09 August, 2007

Ethnic economics bite deeper in Malaysia

The controversial video clip has some support from the youth movement which claimed that the lyrics represent the voices of disenfranchised Malaysian youths.

Meanwhile, according to Malaysiakini, PKR Youth has urged the authorities not to over react to a controversial rendition of the national anthem produced by a Johor-born university student in Taiwan.

Wee, who studies at the Ming Chuan University in Taiwan, insisted he was patriotic and didn't mean to be seditious or to attack the government, The Star newspaper said.

"I'm simply reflecting the truth about our society through my music and I did not mean to offend anyone by producing such a video clip. I still love my country," the 24-year-old was quoted as saying.

Wee said in the report that he wrote the song in conjunction with Malaysia's 50th independence celebration on Aug. 31, describing it as his "gift" to the country. He said he removed the video from the Web site after receiving negative responses but it was uploaded again by some other supporters, the newspaper said.

" Negaraku "- the Video by Namewee :

Video clip removed !!

Malaysia's ethnic Chinese minority is highly dissatisfied with the country's economic policies that favor the majority Malays, according to a new opinion poll.

While only 32 percent of Chinese were satisfied with the government's handling of the economy, an overwhelming 75 percent of Malays thought Prime Minister Abdullah Ahmad Badawi's administration was doing a good job, according to the poll.

Malays "tend to have a much more positive outlook, while the Chinese, who are working in the commercial sector, are more negative," said Ibrahim Suffian, director of the Merdeka Center for Opinion Research that conducted the survey.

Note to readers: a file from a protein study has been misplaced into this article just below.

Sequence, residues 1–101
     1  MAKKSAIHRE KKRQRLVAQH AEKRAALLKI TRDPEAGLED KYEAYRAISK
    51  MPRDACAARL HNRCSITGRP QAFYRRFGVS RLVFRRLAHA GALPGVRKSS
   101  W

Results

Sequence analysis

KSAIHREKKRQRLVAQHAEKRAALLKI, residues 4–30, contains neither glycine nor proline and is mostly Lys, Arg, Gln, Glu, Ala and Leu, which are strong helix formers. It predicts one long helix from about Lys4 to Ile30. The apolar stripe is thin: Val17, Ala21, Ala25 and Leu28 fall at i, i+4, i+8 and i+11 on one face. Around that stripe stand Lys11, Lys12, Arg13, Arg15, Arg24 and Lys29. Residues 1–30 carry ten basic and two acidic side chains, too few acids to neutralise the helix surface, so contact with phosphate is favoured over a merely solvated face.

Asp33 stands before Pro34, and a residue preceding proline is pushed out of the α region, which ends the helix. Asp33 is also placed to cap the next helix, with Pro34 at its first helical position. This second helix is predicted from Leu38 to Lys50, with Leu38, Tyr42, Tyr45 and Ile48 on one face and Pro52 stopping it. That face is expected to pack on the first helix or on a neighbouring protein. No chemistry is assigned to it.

He said Chinese were increasingly critical of the New Economic Policy, which gives Malays preference in jobs, education and business.

In the survey, 54 percent of Chinese said they believed the policy benefits only the rich and politically connected.

Ibrahim said crime and price rises also emerged as major issues.

The Merdeka Center questioned 1,022 people in June to gauge public sentiment ahead of elections expected this year or in early 2008.

The United Malays National Organization draws its strength from Malays, who form 60 percent of the 26 million population. And the UMNO dominates the ruling Nation Front, which includes ethnic Chinese and Indian parties.

In another sign of racial strain, a Malaysian Chinese student is under investigation for alleged sedition for posting a racially provocative rap video of the national anthem on YouTube that has enraged many ethnic Malays.

"By distorting the national anthem and using [vulgar] words, he has shown disrespect for the country," said Deputy Internal Security Minister Fu Ah Kiow.

The Mandarin rap video was posted last month by the 24-year-old man who goes by the moniker "Namewee." It triggered a flood of abusive responses from Malays, and also expressions of support from ethnic Chinese.

A security official told the New Straits Times that police would study the six-minute clip to see if Namewee - studying in Taiwan - violated Malaysia's Sedition Act, which carries a maximum prison term of three years.

In the clip, Namewee blends the national anthem with a rap song that bemoans discrimination Chinese face.

He also pokes fun at Muslim morning prayers broadcast from mosques, corrupt policemen and laid-back civil servants, who are mostly Malays. The lyrics imply that Malays are arrogant and Chinese are hardworking.
(The Standard)



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